This great Feast of Corpus Christi falls just a couple of days after my brief stay with a distant cousin who is a charismatic evangelical. It leads me to compare and contrast how she and I understand and experience the presence of Jesus.
As I was making and eating breakfast in her house the other day, I couldn’t help but overhear a long video she was watching of a British charismatic preacher on her smartphone. I have no idea of his name or anything else about him. All I know is that he was blubbering on and on about the beautiful, light-emitting countenance of some woman at prayer, putting her image up on stage, and exclaiming “look at her! wow, wow!” again and again, with some biblical quotations inserted between these ejaculations. Later I was upstairs but could still hear the recording vaguely because of the open floor plan. By that time he had moved on to something else, and all I could hear was the word “Jesus” seemingly as every fifth word, taking on a chanting sound.
We had chatted a little over breakfast, speaking over the repetitive preacher’s voice. I lamented that there isn’t any noticable Catholic charismatic presence in my area, which surprised her. She revealed that she first got involved in the charismatic movement participating in a group that was largely Catholic decades ago, and much to her surprise, she “could tell that Jesus really loves these people!” She talked about her prayer groups, and how her son when he was in high school used to sit in these meetings and remark that he felt like he couldn’t even stand up because the presence of Jesus was so heavy in that place.
I entirely sympathize with the desire to have a tangible feeling of the presence of Jesus. Growing up, I had been mildly jealous of my cousins who had this experience of prayer and worship so different from my straight-laced Calvinist upbringing. When I was in high school and my boyfriend was old enough to drive, we would often attend an Assemblies of God church instead of going with our families to Sunday services. I loved the freedom to lift my hands in prayer, or kneel, or otherwise let my body express my emotions as the Spirit moved me. And yet, it always felt to me like they were trying to conjure an emotional experience, and to measure their Christianity by their emotional fervor. Notably lacking was any talk about serving God and neighbor by how we live our lives. In fact, I stopped visiting that church when the pastor left his wife (my piano teacher) for another woman, quite unapologetically.By their fruits you shall know them. How can the presence of Jesus be true when there is no talk about taking up our Cross? And doesn’t Jesus himself say that whenever we care for the sick, visit the imprisoned, and welcome the stranger, we do it, not for, but to Him? I do not mean to suggest that charismatics don’t care about the works of mercy; indeed, this cousin is providing a very generous one to my family. But the presence of Jesus isn’t confirmed by theatrics or emotions, but by how our lives conform to His.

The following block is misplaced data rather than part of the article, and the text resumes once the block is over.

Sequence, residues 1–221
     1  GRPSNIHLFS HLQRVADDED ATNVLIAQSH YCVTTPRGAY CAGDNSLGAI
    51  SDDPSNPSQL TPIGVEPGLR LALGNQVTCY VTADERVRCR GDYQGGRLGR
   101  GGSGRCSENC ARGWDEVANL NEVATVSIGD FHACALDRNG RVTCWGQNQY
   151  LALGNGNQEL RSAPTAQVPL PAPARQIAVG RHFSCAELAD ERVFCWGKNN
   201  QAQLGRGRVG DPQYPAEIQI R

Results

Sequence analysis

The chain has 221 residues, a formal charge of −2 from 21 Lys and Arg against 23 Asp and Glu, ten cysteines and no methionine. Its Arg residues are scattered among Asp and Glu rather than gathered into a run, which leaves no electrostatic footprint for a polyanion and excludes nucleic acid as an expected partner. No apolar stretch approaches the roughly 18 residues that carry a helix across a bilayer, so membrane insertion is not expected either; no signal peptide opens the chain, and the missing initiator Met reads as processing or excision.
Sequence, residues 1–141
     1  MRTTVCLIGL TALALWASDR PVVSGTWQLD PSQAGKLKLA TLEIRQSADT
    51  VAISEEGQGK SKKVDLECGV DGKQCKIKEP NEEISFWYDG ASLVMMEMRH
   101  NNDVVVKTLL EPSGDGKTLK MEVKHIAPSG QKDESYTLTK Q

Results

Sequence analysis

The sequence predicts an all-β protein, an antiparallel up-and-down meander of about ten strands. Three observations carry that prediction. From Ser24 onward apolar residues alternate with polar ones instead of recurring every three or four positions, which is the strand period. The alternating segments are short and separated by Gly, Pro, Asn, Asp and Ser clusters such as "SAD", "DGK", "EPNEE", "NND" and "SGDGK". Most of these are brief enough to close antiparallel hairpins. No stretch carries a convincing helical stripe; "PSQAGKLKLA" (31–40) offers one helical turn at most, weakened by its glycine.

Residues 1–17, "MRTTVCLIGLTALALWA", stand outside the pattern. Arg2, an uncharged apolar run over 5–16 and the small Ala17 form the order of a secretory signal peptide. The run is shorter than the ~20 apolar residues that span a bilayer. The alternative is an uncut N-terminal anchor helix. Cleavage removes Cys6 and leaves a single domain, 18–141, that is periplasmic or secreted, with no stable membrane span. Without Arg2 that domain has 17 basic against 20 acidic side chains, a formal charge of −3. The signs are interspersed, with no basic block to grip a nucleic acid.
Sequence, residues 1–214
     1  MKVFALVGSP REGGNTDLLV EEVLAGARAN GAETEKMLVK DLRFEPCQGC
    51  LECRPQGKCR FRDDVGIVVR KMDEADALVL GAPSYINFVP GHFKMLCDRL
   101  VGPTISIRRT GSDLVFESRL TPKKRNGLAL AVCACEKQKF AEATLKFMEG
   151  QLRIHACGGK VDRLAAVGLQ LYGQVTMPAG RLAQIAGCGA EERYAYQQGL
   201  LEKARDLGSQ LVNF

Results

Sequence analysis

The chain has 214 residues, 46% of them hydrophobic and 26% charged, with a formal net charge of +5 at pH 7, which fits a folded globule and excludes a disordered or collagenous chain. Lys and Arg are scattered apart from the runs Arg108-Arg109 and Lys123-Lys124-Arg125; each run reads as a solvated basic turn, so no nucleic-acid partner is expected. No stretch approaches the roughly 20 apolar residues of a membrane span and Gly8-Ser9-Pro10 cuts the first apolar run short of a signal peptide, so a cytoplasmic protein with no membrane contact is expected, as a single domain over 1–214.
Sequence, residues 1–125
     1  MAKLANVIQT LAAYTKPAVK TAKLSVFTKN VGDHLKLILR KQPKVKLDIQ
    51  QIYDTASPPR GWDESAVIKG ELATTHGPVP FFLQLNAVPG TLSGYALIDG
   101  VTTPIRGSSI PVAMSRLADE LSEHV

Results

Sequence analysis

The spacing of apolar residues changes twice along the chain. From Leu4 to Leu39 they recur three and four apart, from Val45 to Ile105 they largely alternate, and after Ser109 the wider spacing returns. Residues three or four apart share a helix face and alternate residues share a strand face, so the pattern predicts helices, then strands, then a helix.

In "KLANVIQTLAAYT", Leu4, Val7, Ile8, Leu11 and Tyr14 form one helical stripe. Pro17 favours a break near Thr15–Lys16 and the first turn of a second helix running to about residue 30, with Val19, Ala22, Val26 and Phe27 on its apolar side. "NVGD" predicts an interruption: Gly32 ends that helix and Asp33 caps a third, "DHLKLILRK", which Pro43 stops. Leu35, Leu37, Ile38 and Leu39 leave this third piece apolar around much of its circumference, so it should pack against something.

Between us and the perfect God-Man, however, is a vast chasm of insufficiency and concupiscence. There is no way that we can attain by our own effort–whether it be developing virtue, works of mercy, or prayer–to a life conformed to God’s perfection. Only He can effect the transformation by offering His real presence, undeserved, in slow but constant drips that slowly erode away the crust of sin and reveal the image of God that lies within each of us.
My cousin was right to say that Jesus loves those Catholic charismatics very much, but her assessment was quite incomplete. Jesus loves every one of us very much, which is why He offers his True Body, his Real Presence, to the world every day, every hour, in these bite-sized morsels we call the Eucharist. Perhaps what drew my cousin to the charismatic movement initially was seeing this authentic Presence that these Catholic charismatics carried within them, animating their worship and prayer with a dynamism of the Holy Spirit that needed no gimmicks.
The charismatic style of prayer and worship is not for everyone; the Holy Spirit works through an infinite variety of characters and charisms. In the Eucharist, Jesus is as powerfully present to the reserved nun bowed in prayer, or the father stoically wrangling a toddler, as He is to the worshipers who lift their hands in ecstatic praise. Sadly, few realize this, so few receive His Presence frequently in faith and awe and openness to its burning transformative potential. But Jesus thirsts infinitely to pour out his True Blood into our hearts, until someday we will become like Him, and be able to behold His Presence, not as an oppressive weight, but face to face.